Responsa Be’er Sheva, Be’er Mayim Chayim 3
It is fitting and proper for every upright, God-fearing woman … not to make her singing voice heard with Shabbat zemirot, or in any way at any time as long as a man to whom she is erva is sitting at the table with her. Only her lips should move, and her voice should not be heard one bit. For even if she is extremely pious and modest and her intentions are acceptable to Heaven, it is still a mitzva that brings about a serious transgression because perhaps the man who hears her voice will have improper thoughts…. And she must be careful that people not stumble because of her…
Rav Eilenberg acknowledges the complication of limiting a woman’s expression even when she has no intent to violate halacha or to arouse, but he does not see a way around it. This view has been embraced by many Jewish communities in which women are taught to refrain from singing audibly in the presence of men.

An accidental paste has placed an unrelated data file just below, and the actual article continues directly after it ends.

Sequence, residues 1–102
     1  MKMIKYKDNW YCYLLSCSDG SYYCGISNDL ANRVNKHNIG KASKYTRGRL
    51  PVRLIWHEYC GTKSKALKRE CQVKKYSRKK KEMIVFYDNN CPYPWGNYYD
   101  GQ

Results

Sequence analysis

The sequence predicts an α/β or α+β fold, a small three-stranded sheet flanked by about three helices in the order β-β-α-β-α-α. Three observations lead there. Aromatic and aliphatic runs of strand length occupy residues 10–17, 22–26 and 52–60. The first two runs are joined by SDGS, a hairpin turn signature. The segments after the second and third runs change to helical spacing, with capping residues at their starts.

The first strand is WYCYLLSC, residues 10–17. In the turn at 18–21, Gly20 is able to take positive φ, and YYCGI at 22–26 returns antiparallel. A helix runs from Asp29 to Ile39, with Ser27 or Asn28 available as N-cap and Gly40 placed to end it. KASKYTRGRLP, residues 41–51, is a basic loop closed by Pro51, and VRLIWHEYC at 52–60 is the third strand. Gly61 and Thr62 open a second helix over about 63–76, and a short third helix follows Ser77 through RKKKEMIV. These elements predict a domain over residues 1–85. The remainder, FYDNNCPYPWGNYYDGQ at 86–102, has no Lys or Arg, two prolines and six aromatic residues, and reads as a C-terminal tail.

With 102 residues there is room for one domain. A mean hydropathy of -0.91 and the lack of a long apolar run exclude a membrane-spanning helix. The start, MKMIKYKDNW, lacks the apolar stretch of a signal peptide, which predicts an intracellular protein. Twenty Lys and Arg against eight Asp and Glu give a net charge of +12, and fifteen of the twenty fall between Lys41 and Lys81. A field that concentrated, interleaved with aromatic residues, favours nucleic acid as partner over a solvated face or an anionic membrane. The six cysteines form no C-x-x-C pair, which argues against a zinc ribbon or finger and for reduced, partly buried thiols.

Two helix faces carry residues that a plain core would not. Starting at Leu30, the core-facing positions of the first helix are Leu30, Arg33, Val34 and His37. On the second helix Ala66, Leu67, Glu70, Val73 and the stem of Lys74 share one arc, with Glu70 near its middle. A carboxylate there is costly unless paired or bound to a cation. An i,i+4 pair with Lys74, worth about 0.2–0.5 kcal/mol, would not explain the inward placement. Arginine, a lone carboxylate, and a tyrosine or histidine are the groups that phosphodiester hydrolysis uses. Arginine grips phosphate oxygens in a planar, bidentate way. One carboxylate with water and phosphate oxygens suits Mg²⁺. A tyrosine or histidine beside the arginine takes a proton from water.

In contrast, Rav Shlomo Ganzfried focuses on a specific situation in which kol isha is of great concern, namely, when a man is reciting Shema. While he prefers that a woman refrain from singing, he leaves room for a man to find a way to handle the situation on his own.[12]
Kitzur Shulchan Aruch 5:16
…In a pressing situation when he hears women singing, and it is not possible for him to object, he should not refrain because of this from Keri’at Shema and prayer and Torah, but should make an effort to focus with all his heart on the sacred with which he is occupied, and not pay attention to it.
Ben Ish Chai also singles out situations of particular kol isha concern. He takes matters one step further, though, and does not suggest that a man ask a woman to refrain from singing, even when he recites Shema, learns Torah, or prays within earshot. Rather, he places responsibility on the man to go to another room or adapt his learning if the voices are audible to him at those times.[13]
Ben Ish Chai First year, Bo 13